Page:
std::cout << "strftime (1): " << buf << std::endl;
p = strptime(buf, nl_langinfo(D_FMT), &t2);
strftime(buf, sizeof(buf), nl_langinfo(D_FMT), &t2);
std::cout << "strftime (2): " << buf << std::endl;
Results from FC6:
strftime (1): 2007-07-11
strftime (2): 2007-07-11
Results from F7:
nl_langinfo(D_FMT):%-d %b %Y
strftime (1): 11 VII 2007
strftime (2): 0 II 1953
My question is: what have I done wrong?
Now, if the answer is nothing, then fix the library.
If the answer is: you haven't removed flags characters from
format string, then my answer is: fix the library.
As in #6. If I have to work around something in a library
then what happens if someone decides thar strftime needs
to support flag, let's say '+'? I have to change the code
and in that case I can as well write my own fuction. This
puts us in a position where I can as well write my own library
and renders strptime completly useless and in a posistion
where I have as application developer to check ALL strptime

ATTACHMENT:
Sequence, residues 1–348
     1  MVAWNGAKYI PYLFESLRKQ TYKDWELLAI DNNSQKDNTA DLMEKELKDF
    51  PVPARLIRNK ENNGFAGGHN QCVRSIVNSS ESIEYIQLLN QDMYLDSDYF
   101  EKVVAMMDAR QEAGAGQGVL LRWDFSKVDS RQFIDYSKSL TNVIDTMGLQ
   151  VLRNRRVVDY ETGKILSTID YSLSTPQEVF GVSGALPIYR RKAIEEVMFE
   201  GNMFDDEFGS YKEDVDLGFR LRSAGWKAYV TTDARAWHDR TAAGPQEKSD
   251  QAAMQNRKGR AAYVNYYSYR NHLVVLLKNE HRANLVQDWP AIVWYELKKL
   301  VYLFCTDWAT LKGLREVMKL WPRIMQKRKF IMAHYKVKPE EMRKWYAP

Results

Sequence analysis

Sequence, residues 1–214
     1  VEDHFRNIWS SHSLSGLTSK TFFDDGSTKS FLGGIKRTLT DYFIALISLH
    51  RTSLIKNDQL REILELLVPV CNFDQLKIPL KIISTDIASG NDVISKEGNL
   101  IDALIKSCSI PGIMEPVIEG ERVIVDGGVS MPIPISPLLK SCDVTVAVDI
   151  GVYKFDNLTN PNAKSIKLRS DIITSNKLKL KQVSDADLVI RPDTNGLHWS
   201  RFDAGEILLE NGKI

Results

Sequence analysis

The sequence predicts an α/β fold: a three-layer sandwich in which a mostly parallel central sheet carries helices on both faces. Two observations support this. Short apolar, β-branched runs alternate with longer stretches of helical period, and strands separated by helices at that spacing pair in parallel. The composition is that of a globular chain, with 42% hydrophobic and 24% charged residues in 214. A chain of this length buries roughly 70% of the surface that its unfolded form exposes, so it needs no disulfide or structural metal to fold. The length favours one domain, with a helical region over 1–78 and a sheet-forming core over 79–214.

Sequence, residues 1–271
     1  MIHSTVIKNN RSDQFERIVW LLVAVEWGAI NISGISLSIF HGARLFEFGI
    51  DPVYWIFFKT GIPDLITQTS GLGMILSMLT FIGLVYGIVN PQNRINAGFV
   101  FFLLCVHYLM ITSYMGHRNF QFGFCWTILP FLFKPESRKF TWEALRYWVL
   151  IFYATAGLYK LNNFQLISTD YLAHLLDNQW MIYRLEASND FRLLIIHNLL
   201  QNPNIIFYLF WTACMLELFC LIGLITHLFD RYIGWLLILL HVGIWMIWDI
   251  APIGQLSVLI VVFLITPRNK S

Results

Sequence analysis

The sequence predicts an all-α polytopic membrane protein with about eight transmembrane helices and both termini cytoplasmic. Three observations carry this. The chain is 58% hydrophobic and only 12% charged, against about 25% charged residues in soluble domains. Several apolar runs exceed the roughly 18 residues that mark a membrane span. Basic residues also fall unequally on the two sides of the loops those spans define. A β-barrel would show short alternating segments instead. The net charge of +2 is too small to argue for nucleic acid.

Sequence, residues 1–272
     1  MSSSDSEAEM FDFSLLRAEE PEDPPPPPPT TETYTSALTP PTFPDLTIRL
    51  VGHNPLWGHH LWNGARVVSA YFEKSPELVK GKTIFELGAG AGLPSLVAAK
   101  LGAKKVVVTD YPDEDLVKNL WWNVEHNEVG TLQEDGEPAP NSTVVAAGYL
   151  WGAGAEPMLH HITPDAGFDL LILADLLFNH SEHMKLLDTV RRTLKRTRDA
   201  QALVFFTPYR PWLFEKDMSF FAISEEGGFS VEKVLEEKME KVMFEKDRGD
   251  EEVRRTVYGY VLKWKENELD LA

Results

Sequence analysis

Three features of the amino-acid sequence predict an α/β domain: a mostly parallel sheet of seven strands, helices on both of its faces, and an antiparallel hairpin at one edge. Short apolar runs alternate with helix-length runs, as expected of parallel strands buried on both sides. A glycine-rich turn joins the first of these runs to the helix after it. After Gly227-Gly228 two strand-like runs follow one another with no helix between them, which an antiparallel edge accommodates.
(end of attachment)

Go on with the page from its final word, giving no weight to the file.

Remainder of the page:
calls to verify that they will work.
THIS IS UNREASONABLE.
Stop reopening the bug. I told you that you cannot pass locale format strings
Well, then consider this: in Polish locale strptime fails to
parse time formated with stftime with the following flags:
"%c" and "%x" (using these flags as format specifier for
strptime itself and this is documented as valid in man page).
I bet 100$ that this boils down to this problem and another
100$ that this is very close to violation of the rule you
specified in comment #8 above.
The code to prove my point:
void checkfmt(const char *fmt)
tm t1, t2;
char *p, buf;
t = time(NULL);
t1 = *localtime(&t);
cout << "format string: " << fmt << endl;
strftime(buf, sizeof(buf), fmt, &t1);
cout << "strftime (1): " << buf << endl;
memset(&t2, 0, sizeof(t2));
p = strptime(buf, fmt, &t2);
strftime(buf, sizeof(buf), fmt, &t2);
cout << "strftime (2): " << buf << endl;
cout << "--------------------------------------------------" << endl;
Feel free to close if I am wrong but then we need another
bug for strptime to fix %c and %x formats.